Tag Archives: Julian T. Pinder

Go See This Movie

Image result for bear chasing bison

So, funny story.

I went to see a movie earlier today about a bear chasing a burned bison. Then some kids got killed at Yellowstone National Park. Then a self-admitted murderer was set free without as much as a trial. Something about holes being looped together, or loops being holed together…or some such thing. But that wasn’t the funny part.

The funny part came approximately 20 minutes into watching Population Zero, the much-heralded film from producer @TylerLevine and directors @JulianPinder and @Adamlevins, when a grouchy old man a few rows up from me proclaimed (loud enough for everyone in the theatre to hear), “I didn’t pay to come and see a documentary! I want to see a real movie!” His wife (I assume) then fled to the other side of the row (i.e. the burned/shamed bison), while the husband (i.e. the stalking bear) soon followed her lead and took a seat beside her on the far end.

The theatre quickly filled with the smell of urine because the rest of us were busy peeing our pants laughing.

First thing’s first, though: Population Zero is so good and in so many ways that it’s hard to believe it was made on a shoestring budget. The cinematography was breathtaking, the music mesmerizing, the acting spot-on and completely believable, and the storyline compelling, to say the least.

Second thing’s, well, second. Duh! I don’t want to give away too much, but if you believe metafiction works like Don Quixote, Barney’s Version and The New York Trilogy  are not “real” novels – and metacinema works such as A Clockwork Orange, Fight Club and Stranger than Fiction are not “real” films – because their creators warped the whole suspension of disbelief thing, then perhaps Population Zero is not for you.

If, however, you go in open-minded and appreciate real grit through the cinematic lens, then you will be drawn in as slowly as the waters of the Upper Niagara River. Soon enough, without even realizing it, you’ll be sent barreling down the river when you suddenly hit a series of rapids, your heart pounding with anticipation. This all culminates in an ending that is sure to shock/surprise/titillate even the harshest of movie critics when the Falls themselves seem to knock you over the head right out of the blue.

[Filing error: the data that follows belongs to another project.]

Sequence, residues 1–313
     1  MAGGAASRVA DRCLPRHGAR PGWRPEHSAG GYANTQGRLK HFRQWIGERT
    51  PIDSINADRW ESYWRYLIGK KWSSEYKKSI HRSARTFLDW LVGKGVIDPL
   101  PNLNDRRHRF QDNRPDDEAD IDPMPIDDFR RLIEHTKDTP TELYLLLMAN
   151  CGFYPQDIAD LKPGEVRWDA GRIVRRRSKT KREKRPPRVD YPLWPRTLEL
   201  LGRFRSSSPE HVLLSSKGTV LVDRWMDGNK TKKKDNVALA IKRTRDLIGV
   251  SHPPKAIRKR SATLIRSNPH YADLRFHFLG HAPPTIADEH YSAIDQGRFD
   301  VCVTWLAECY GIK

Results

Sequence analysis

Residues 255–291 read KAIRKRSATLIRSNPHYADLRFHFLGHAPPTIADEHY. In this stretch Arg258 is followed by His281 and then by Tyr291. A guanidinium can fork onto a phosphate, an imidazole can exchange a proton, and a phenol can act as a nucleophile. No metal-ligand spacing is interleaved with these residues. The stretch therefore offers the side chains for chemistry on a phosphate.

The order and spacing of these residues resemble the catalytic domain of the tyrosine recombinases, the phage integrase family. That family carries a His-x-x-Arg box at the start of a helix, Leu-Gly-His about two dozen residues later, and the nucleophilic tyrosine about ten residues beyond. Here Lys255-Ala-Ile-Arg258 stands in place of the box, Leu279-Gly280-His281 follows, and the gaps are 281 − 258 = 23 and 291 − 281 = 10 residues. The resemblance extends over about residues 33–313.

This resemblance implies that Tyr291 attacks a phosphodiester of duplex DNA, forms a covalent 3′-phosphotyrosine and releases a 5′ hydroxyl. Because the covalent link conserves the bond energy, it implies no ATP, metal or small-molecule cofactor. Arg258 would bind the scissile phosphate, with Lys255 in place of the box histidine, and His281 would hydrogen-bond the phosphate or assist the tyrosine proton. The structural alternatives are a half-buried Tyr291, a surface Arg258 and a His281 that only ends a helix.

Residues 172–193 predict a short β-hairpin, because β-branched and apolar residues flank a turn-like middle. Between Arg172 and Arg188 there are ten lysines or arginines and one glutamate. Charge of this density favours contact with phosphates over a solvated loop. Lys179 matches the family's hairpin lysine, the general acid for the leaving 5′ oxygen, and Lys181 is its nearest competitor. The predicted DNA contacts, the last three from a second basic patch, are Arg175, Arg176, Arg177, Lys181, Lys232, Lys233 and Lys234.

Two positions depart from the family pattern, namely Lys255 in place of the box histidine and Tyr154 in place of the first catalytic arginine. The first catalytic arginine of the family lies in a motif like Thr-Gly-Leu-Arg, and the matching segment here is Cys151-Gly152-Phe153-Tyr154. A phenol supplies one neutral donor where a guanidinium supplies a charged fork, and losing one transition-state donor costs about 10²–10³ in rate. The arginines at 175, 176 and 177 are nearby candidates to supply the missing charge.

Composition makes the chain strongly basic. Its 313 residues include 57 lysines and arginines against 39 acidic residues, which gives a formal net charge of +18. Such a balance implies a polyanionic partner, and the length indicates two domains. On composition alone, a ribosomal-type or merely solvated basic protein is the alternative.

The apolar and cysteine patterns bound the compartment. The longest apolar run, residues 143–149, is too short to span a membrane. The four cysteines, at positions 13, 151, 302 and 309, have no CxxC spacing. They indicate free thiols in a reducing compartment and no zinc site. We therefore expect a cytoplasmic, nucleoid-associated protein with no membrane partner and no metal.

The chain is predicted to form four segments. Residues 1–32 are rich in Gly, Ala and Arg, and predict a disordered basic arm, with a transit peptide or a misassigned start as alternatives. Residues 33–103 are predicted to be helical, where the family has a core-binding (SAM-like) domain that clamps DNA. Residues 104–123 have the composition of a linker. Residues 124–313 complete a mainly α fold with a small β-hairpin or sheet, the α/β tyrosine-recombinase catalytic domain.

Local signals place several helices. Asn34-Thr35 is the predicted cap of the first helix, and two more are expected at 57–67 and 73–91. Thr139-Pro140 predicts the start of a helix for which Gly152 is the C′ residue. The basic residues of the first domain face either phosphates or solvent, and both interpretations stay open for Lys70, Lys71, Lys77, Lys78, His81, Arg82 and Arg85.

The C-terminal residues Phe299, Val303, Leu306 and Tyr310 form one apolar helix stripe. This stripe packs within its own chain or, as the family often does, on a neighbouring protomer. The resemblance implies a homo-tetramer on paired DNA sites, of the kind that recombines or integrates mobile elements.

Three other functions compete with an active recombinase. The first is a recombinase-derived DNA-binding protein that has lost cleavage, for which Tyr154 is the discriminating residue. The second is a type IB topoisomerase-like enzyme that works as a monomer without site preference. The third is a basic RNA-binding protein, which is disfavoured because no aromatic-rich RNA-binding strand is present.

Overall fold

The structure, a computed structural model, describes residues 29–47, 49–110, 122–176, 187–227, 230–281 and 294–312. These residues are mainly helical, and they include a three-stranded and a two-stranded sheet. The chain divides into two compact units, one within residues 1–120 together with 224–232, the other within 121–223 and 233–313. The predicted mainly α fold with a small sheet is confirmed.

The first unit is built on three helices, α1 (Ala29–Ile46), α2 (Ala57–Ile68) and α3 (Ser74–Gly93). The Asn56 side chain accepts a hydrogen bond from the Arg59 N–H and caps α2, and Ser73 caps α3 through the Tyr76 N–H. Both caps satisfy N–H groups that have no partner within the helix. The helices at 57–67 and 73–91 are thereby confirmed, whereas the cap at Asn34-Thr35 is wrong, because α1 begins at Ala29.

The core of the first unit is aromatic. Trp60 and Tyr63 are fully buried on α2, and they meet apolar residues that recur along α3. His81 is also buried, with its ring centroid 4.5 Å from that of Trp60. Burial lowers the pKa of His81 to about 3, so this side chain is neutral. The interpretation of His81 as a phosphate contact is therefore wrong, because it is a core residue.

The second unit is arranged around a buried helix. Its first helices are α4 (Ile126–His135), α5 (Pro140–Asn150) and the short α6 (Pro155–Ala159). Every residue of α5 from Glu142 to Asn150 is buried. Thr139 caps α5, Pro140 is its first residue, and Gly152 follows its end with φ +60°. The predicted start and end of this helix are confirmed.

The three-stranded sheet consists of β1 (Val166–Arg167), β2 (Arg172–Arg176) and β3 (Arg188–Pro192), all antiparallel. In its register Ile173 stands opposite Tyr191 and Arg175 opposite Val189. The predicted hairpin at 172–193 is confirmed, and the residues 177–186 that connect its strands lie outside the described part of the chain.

To sum up: (1) Bison and bears make interesting animals to watch chase each other; (2) do not camp in an area of any national park without at least 12 local residents; and (3) Niagara Falls makes a wonderful metaphor for strong-to-quite-strong films.

The end.

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“Population Zero is compulsive viewing”

Image result for a71 entertainment

That’s right: “compulsive viewing.” When you consider that about 78.456789% of society now suffers from OCD, that can only bode well for Population Zero, the gritty new film produced by Tyler Levine (@TylerLevine) and directed by Adam Levins (@Adamlevins) & Julian T. Pinder (@JulianPinder). It is currently being released in Canada by A71 Entertainment (@A71Ent).

Film critic Greg Klymkiw (@GregKlymkiwCFC) was at the premiere of the film here in the T dot and blogged about his thoughts in a piece called “How To Get Away With Murder in the U.S.A.” You can can read the review for yourself, but I think Mr. Klymkiw sums it up nicely when he writes:

“What I DO know is that it’s a damn enjoyable movie as it stands and I highly recommend that everyone stop going to see movies knowing what they’re going to see. It’s so much more edifying.”

Population Zero will be playing at Carlton Cinema until Thursday, June 1.

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‘Population Zero’ Toronto Film Premiere

Image result for population zero

My good, good friend, Sir Baron von Tyler Levine IV (@TylerLevine), produced a kick-ass crime/mystery/thriller called Population Zero, and it premieres May 26 at Carlton Cinema in downtown Toronto (Yonge and Carlton).

As per IMDB, here’s a summary of the plot:

In April 2009, three young men were killed in a remote part of Yellowstone National Park. Authorities Never Found the Murderer. He Found Them. Only hours after three young men were gunned down in cold blood, Dwayne Nelson walked into a ranger station miles away and confessed to the crime. Despite his detailed confession, Dwayne Nelson was allowed to go free because of a loophole in the American Constitution. Award Winning Canadian Documentarian Julian T. Pinder (Trouble in the Peace, Land, Jesus Town) travels to Yellowstone in a cinematic and compelling chase for truth behind a crime that should have rocked the nation. How did the United States Constitution, the supreme law of the United States of America, let a guilty man go free? In his hunt for answers Pinder breaks the first rule of documentary film making by allowing himself to become a subject in the story; risking his life and others when he finds evidence that could re-open the case of the Yellowstone Murders years later.

It’s a great film, but it’s only running for one week, from May 26 to June 1, so make sure you head down and check it out.

Tickets are $10 for adults ($5 all day on Tuesday, May 31), and here is a link to Carlton Cinema, where you can find showtimes and make a reservation online.

If you’re a real go-getter and like harassing good-looking people who are bound to be famous before long, there will be a Q&A after the 6:45 p.m. screening of Population Zero this Friday, May 26.

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